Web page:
Korokoro Dam

Engineering Work (eg road, bridge, sawmill, dam)


This dam is believed to be the first concrete gravity dam in New Zealand.

The Korokoro Dam was engineered by one Samuel Jickell as Borough Engineer to the Borough of Petone. He had previously been City Engineer to the Nelson council, advising on a concrete dam for water supply. From the building of similar dams elsewhere in New Zealand in the following years (1904 onwards) it is clear that the use of mass concrete for dam building was topical among his contemporaries. It was fortuitous that the Petone council’s need for such a dam should arise at a time that resulted in Samuel Jickell “getting in first” so to speak.

Samuel Jickell went on to build similar dams for the Palmerston North City Council. It seems that this small dam marks the transition in New Zealand from masonry to mass concrete in New Zealand dam building. This was not the first use of concrete in New Zealand. It had been used for a variety of purposes that include diversion weirs for water supply, for wave protection on an earthen dam, etc. The historical significance of the Korokoro Dam arises from its mass concrete form, the purpose for which it was built, the extent to which it precipitated conflict over use of the water resource, and the form of spillway used.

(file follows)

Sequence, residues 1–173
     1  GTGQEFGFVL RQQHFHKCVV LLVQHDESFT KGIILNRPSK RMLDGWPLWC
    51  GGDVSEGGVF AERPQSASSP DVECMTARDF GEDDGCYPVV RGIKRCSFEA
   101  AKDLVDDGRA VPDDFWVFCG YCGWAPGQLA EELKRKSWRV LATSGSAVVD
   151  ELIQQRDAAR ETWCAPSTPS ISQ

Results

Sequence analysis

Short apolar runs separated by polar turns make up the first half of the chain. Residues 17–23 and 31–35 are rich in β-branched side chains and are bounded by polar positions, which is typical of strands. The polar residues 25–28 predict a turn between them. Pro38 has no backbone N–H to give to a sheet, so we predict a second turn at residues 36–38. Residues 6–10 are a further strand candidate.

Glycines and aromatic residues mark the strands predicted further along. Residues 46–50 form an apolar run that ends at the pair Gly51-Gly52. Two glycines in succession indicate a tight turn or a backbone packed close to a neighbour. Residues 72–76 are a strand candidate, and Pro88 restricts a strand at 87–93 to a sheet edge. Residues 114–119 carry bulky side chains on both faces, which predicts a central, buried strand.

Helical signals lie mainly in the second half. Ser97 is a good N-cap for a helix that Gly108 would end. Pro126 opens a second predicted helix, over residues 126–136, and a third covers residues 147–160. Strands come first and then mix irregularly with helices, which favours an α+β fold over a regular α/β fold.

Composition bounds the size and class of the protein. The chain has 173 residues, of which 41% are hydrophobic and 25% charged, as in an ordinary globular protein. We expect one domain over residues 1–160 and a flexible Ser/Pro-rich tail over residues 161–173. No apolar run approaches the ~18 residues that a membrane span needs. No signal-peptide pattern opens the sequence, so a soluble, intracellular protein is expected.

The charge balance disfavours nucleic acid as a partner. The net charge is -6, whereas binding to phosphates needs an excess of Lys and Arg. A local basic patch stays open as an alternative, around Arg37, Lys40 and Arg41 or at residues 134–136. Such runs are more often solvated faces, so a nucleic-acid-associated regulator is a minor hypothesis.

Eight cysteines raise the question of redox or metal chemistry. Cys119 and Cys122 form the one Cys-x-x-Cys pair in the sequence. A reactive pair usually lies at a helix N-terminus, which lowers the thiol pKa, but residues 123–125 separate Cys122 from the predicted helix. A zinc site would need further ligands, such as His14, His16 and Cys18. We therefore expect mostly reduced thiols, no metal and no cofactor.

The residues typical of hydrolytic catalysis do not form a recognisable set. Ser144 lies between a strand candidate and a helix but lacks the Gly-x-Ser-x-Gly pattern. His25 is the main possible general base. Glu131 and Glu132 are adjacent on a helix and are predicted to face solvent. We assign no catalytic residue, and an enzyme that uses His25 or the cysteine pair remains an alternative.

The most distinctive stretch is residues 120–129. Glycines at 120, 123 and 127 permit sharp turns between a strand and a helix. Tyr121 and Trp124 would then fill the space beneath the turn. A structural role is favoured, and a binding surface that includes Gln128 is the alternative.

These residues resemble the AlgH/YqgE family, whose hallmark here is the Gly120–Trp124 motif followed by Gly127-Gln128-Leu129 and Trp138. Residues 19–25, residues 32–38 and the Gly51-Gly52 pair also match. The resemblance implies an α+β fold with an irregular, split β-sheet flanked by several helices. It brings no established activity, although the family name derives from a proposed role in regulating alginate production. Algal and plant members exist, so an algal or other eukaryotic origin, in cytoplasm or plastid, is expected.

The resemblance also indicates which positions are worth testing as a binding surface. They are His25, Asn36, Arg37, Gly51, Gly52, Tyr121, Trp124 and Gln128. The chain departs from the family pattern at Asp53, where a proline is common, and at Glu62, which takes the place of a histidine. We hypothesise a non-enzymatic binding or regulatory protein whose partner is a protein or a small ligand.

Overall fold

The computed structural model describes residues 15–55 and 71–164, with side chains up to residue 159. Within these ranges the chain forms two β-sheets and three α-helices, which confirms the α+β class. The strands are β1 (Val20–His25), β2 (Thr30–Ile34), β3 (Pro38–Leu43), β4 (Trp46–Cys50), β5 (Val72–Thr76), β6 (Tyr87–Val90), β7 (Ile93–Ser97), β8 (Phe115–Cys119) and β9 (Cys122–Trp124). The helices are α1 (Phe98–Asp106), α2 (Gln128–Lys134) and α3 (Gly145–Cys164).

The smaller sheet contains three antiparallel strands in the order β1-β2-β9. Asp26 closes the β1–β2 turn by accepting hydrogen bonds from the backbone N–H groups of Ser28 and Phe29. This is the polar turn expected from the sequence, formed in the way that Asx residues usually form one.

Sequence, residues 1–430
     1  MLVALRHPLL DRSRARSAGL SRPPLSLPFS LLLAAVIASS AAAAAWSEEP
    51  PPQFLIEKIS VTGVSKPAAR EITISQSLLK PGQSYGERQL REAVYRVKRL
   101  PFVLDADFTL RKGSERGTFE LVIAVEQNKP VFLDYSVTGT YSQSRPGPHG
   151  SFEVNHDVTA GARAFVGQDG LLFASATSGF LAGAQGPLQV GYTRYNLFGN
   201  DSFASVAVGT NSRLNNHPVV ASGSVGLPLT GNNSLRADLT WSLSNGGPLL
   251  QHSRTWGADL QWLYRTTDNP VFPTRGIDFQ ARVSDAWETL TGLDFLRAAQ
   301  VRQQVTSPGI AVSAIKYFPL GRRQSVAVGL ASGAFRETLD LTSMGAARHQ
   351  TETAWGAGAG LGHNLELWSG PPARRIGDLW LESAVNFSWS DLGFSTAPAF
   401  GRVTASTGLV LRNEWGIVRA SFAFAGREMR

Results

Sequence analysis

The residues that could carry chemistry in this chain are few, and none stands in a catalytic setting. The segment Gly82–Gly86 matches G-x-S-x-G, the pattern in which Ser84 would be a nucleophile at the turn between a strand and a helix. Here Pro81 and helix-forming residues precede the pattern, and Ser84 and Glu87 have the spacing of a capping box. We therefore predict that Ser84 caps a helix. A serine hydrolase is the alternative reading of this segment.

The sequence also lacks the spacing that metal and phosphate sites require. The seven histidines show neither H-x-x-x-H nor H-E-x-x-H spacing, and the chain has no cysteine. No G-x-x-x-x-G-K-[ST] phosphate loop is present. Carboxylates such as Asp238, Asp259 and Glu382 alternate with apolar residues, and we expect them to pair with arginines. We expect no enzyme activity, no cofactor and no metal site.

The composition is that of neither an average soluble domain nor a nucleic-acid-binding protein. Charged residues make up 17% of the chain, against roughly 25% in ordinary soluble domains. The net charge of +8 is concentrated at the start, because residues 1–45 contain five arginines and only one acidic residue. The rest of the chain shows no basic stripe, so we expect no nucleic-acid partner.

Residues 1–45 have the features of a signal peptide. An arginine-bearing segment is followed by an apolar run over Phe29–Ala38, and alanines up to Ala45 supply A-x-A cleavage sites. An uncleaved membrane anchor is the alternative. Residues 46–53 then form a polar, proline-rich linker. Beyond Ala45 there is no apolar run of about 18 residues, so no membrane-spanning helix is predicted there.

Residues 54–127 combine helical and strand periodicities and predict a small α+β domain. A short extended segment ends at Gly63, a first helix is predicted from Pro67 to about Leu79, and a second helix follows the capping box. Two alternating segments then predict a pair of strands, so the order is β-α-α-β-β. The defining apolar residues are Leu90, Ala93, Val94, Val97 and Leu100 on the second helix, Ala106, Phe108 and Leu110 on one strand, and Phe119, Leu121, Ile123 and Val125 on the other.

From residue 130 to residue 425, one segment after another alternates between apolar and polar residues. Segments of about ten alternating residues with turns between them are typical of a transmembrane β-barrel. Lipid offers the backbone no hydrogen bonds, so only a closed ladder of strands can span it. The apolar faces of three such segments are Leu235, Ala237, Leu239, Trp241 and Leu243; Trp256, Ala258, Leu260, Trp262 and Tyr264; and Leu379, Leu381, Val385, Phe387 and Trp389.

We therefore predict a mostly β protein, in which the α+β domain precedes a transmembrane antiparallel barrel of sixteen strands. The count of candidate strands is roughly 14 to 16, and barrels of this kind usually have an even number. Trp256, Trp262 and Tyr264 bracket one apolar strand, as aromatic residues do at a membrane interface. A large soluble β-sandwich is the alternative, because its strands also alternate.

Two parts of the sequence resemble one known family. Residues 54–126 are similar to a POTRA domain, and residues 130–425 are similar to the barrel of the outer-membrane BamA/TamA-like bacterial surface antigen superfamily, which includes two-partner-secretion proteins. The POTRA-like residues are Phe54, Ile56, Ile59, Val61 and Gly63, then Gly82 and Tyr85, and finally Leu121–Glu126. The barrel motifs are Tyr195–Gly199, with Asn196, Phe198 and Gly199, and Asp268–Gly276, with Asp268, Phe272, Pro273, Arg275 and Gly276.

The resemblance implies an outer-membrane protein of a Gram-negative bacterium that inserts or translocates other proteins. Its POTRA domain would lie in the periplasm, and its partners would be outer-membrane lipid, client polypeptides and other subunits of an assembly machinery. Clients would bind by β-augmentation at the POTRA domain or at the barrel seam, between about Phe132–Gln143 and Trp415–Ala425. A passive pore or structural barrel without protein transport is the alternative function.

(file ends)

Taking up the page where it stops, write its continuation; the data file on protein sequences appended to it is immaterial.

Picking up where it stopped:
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Belmont Regional Park, Wellington

Wellington / Kapiti

Access Info
Access can be obtained through Cornish St Petone or Oakleigh St, Normandale. For information on Wellington Regional Parks visit, www.gw.govt.nz

Nature of Engineering


Officials at the laying of the Foundation Stone for the Petone Waterworks, 25 April 1903. Godber, Albert Percy, 1875-1949: Collection of albums, prints and negatives. Ref: APG-0071-1/2-G. Alexander Turnbull Library, Wellington, New Zealand. URL: http://natlib.govt.nz/records/22735327

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Korokoro Dam, August 2013. K. Astwood, IPENZ

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Korokoro Dam reservoir, August 2013. K. Astwood, IPENZ

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Lat: -41.197684 Long: 174.874545